Parents who allow their children to play sports at school expect that the adults over the sport will keep the children as safe as reasonably possible. For the parents of one 16-year-old student in the Hillsborough County School District, warming up before football drills ended in devastation.
The teen wasn’t wearing a helmet as he got ready for drills on Oct. 16, 2013. He was playing catch with some teammates to warm up before drills. During this warm up, the teen lost his balance. He then hit another player before striking a paint striping machine that was left unattended. He held his head as walked to the locker room. His car left the campus about 30 minutes later. At home, he was found disoriented by his sister. His family took the teen to the hospital. Doctors put him in medically induced coma. Part of the teen’s skull removed.
The teen’s parents claim that a trainer didn’t follow protocol for evaluation of the injury and didn’t get the boy medical help, which put the boy’s life in danger. The teen’s survival was uncertain, but he came out of the coma after nine days. He has a permanent brain injury that necessitates him having cognitive therapy and physical therapy.
The family wrote a letter to the school district’s attorney, which outlines their intent to sue. The school district is considered a government entity, so the letter had to be sent six months before filing the lawsuit. If the school district is held liable, there is a maximum compensation in the amount of $200,000. The Florida Legislature would have to approve the amount a jury awards if the amount is over $200,000.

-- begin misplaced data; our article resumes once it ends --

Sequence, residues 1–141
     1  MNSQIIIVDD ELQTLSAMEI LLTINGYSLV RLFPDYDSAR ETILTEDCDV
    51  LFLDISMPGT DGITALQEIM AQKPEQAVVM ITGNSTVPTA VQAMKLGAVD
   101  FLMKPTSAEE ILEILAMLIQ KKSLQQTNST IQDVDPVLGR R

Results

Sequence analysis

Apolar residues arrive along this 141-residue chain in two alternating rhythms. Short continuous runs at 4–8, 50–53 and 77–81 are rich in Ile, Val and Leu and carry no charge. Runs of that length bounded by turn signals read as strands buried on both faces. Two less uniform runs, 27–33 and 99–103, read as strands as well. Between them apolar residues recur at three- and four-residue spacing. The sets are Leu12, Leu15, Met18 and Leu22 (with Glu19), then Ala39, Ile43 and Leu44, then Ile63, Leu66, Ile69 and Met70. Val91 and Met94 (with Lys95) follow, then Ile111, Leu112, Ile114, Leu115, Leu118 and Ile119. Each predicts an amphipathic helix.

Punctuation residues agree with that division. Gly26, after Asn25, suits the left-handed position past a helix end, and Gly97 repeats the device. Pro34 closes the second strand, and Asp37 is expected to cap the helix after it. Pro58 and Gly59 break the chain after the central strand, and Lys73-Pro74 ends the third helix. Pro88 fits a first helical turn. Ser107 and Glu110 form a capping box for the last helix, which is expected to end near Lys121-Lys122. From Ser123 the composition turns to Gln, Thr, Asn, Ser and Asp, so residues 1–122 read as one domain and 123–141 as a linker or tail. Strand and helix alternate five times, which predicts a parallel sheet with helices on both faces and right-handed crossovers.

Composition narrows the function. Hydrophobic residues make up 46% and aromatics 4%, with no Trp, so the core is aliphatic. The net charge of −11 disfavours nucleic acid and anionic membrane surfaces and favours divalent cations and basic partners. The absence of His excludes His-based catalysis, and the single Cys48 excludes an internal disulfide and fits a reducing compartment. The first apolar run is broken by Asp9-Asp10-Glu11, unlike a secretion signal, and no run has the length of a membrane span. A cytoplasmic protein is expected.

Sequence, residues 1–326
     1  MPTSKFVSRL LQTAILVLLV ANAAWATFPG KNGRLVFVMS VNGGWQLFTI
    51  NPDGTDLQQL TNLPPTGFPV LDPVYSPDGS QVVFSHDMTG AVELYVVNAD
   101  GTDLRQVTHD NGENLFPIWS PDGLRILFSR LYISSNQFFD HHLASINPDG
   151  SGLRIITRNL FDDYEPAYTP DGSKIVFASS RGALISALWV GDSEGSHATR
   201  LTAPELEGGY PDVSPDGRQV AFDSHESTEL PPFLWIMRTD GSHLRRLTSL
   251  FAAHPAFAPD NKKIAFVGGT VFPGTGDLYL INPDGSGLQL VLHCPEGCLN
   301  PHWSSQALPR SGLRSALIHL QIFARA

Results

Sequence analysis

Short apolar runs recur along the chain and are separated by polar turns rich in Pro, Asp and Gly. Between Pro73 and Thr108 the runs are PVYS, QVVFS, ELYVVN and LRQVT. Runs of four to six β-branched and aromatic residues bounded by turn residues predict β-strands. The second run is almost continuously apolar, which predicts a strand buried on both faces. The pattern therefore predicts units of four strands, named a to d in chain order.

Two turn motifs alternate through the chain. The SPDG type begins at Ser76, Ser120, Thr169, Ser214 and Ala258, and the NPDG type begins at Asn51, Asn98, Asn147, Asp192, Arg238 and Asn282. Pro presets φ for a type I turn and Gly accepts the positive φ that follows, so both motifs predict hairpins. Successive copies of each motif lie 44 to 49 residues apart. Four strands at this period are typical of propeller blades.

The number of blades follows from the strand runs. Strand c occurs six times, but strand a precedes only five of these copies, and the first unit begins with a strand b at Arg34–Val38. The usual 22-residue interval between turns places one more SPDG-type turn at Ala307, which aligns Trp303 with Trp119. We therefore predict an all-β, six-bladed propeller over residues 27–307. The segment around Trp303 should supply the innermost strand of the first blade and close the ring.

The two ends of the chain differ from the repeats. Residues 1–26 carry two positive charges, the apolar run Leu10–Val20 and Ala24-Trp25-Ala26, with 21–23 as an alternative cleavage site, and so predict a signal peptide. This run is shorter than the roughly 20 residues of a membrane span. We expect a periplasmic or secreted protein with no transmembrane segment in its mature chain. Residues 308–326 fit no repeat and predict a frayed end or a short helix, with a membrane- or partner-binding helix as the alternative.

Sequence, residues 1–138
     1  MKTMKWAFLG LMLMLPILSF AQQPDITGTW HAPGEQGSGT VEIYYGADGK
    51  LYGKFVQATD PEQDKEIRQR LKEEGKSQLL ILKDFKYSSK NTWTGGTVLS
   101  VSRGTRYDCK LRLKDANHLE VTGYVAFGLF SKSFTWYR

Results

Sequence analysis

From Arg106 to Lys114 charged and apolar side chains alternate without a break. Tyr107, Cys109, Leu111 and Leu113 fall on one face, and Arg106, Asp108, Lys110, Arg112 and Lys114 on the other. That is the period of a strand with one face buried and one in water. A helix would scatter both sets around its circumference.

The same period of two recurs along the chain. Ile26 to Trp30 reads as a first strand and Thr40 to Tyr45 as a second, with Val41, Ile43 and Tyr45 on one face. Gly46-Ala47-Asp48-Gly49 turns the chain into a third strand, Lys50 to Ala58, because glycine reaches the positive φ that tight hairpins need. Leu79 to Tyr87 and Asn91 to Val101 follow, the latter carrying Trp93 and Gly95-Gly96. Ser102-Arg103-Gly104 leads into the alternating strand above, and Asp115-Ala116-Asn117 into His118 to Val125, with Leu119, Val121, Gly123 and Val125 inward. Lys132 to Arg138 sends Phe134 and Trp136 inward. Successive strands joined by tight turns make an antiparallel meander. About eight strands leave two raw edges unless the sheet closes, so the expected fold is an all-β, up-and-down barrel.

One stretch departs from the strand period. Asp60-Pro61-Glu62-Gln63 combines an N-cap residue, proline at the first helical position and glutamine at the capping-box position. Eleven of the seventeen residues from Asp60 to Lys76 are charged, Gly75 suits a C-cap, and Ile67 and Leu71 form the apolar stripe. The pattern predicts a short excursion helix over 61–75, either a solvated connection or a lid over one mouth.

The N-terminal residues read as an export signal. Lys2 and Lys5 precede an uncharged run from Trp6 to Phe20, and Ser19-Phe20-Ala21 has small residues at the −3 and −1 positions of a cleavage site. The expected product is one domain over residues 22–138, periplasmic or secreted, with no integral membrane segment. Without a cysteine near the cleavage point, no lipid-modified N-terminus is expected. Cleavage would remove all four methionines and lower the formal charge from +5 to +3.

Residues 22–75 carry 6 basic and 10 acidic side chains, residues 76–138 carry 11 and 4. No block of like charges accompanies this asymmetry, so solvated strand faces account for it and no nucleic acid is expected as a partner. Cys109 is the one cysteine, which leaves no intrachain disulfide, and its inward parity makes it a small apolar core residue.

These parents and the teen chose to exercise their right to seek compensation for this debilitating injury. People who have suffered a brain injury because of someone’s negligence might have the right to do the same. Understanding your rights and the process for seeking compensation is vital for for anyone who want to hold a person or entity responsible for his or her injuries.
Source: WINK News, “High school athlete to sue school after injury” No author given, Feb. 24, 2014